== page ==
and excitement. Well, you can get all that in a better and a
legitimate way and have the respect of your friends besides. You can
go into politics. That is a field within the pale of the law and in it
you can have scope for all the energy and activity and intensity of
life you long for, with all the element of chance which you find so
attractive." And when the young man has had his fling there and tires
of it then something else can be attempted. But to try to crush desire
and curb the outrushing life is both foolish and impossible. We can
only direct it.

There are, of course, certain gross desires that must be gotten rid of
by the most direct and least objectionable method, and when one really
desires to be free from a given vice or moral weakness and sets
earnestly and intelligently about it his release is not so difficult
as the complete tyranny of most vices would lead one to suppose. There
is a process by which any of us may be free if we will take the
trouble to patiently put it into practice. This method will apply to
any desire from which we wish to be released. For example, let us take
the person who has a settled desire for alcoholic stimulants but
really wishes to be rid of it forever. Many people who are thus
afflicted to the point where they occasionally become intoxicated
feel, when they recover their normal condition, that no price would be
too great to pay for freedom from this humiliating habit. As a rule
such a man tries to close his eyes to his shame and forget it,
promising himself that he will be stronger when the temptation again
assails him. But it is just this putting it aside, this casting it out
of his mind, that perpetuates his weakness. He instinctively shrinks
from dwelling upon the thought of whither he is drifting. So he puts
the unpleasant subject aside altogether and when the inner desire
asserts itself again he finds himself precisely as helpless as before.

Now, his certain method of escape from this tyranny of desire is to
turn his mind resolutely to an examination of the whole question. Let
him look the facts in the face, however humiliating they may be. He
should call his imagination to his assistance. It should be used to
picture to himself his future if he does not succeed in breaking up
the unfortunate slavery of the desire nature. He should think of the
fact that as he grows older the situation grows worse. He should
picture himself as the helpless, repulsive sot, with feeble body and
weakening mind, and reflect upon the humiliation he must endure, the
poverty he must face, and the physical and mental pain he must bear in
the future if he now fails to break the desire ties that bind him.
This creates in him a feeling of repulsion toward the cause of it all;
and if he continues to think daily upon this hideous picture of what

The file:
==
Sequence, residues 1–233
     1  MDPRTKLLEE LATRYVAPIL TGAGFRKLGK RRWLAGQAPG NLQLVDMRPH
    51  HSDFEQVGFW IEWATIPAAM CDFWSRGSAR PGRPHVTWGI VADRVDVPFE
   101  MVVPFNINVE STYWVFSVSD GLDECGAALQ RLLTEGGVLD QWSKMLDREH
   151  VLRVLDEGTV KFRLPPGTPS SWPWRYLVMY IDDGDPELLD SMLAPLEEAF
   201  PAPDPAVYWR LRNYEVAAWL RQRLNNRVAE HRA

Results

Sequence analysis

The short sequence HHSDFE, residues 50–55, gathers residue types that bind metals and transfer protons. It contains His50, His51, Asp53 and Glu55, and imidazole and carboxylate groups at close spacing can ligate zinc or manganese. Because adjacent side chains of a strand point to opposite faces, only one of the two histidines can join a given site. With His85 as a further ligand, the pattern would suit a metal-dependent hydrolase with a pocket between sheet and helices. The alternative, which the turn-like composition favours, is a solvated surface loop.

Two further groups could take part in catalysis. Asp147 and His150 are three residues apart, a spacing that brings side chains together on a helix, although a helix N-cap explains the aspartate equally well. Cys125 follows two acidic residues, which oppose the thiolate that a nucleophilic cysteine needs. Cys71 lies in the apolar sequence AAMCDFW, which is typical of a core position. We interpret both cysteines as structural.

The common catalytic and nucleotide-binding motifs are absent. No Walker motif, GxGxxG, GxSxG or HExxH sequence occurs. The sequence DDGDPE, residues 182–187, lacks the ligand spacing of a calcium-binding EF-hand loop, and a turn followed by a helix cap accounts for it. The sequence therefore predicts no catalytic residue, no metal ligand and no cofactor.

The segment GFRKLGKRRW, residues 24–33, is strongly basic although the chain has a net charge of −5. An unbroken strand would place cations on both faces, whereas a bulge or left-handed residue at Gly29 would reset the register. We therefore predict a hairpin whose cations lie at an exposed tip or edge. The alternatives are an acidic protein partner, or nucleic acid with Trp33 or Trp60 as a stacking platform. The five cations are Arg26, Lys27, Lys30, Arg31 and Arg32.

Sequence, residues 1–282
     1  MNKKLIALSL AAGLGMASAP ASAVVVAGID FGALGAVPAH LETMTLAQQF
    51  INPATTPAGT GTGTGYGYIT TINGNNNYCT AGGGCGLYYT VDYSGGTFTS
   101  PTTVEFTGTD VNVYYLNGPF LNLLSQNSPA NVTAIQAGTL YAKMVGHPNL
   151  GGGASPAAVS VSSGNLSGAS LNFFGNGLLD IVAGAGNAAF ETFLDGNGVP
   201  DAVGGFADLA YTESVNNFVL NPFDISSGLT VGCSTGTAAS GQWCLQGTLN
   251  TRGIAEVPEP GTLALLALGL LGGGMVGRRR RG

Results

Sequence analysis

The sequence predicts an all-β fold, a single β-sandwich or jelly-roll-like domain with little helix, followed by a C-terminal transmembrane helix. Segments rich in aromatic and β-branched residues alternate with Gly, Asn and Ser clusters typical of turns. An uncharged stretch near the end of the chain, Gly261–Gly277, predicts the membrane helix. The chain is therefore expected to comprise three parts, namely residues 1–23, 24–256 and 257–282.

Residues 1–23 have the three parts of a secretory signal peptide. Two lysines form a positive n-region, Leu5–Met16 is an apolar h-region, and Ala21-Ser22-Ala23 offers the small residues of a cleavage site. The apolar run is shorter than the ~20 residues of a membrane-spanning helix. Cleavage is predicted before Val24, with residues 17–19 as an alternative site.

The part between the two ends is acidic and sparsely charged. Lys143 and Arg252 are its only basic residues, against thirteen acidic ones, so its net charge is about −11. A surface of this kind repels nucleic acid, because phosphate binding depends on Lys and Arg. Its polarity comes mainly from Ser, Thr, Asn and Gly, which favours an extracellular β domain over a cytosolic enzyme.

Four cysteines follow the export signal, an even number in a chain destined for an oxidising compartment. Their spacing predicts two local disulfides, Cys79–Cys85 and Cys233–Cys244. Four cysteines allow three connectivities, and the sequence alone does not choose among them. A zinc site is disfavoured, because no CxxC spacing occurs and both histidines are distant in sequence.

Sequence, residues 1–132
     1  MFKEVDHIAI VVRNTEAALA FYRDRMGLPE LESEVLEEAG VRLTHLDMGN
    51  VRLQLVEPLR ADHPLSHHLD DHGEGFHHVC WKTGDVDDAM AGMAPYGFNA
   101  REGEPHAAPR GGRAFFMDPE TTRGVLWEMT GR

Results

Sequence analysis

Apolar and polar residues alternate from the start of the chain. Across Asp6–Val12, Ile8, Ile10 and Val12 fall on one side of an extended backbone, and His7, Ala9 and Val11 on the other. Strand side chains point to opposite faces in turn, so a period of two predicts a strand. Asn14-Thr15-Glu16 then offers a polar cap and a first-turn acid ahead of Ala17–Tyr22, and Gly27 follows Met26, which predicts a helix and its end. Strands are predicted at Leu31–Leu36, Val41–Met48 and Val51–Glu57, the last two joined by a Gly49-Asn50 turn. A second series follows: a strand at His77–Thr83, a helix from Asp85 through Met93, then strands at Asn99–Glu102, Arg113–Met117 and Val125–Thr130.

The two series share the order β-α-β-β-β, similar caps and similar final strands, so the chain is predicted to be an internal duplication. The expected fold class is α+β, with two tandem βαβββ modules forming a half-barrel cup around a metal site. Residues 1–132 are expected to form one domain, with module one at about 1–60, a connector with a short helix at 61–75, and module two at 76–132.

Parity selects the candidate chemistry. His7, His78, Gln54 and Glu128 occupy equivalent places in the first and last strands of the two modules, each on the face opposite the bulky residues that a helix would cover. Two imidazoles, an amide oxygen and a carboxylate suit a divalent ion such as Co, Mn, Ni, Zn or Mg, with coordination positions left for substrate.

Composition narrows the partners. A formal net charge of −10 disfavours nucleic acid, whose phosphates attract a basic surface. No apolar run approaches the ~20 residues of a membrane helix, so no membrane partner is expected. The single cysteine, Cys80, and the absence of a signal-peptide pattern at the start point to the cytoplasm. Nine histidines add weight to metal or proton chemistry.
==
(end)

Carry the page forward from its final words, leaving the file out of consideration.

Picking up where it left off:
he is slowly drifting toward--if he daily regards it all with a
feeling of slight repulsion--then even within a month or two he will
find that his desire for drink is slowly fading out.

This is as true of all other desires that enslave us. The desire for
alcoholic stimulants merely illustrates the principle involved. Any
desire from which one wishes to be free may be escaped by the same
method. But one who would free himself from the desire-nature should
not make the mistake of creating a feeling of intense hostility toward
the thing he seeks to escape; for hatred is also a tie. He should
merely reach a position of complete indifference. He should think of
it not with settled hostility, but with slight repulsion; and if he
does that daily, mentally dwelling upon the pain and humiliation it
causes, he will find the ties loosening, the desire weakening.

Desire is a force that may be beneficial or detrimental, according to
its use. As we may eradicate a desire so may we create a desire. How,
then, may one who seeks the highest self-development use desire, this
propulsive force of nature, to help himself forward? He should desire
spiritual progress most earnestly, for without such desire he cannot
succeed. Therefore if the aspirant does not have the ardent desire for
spiritual illumination he must create it. To accomplish this let him
again call imagination to his assistance. Let him picture himself as
having his power for usefulness many times multiplied by occult
development. He should think of himself as possessing the inner sight
that enables him to understand the difficulties of others and to
comprehend their sorrows. He should daily think of the fact that this
would so broaden and quicken his sympathies that he would be
enormously more useful in the world than he can now possibly be and
that he could become a source of happiness to thousands. Let him
reflect that as he gets farther along in occult development and in
unselfishness and spirituality he may have the inestimable privilege
of coming into contact with some of the exalted intelligences that
watch over and assist the struggling aspirants on their upward way. He
should daily recall the fact that he is now moving forward toward a
freer, richer, more joyous life than he has yet known and that every
effort brings him nearer to its realization. Thus dwelling on the
subject in its various aspects he creates the ardent desire that
serves to propel him forward.

If he feels that these things make an ideal a little too high for him
at present he may reach that point by degrees. He may at first dwell
in thought upon the personal satisfaction that would come from the
possession of astral sight. Let him reflect upon what it would mean to
be conscious of the invisible world; to have all its wonders laid open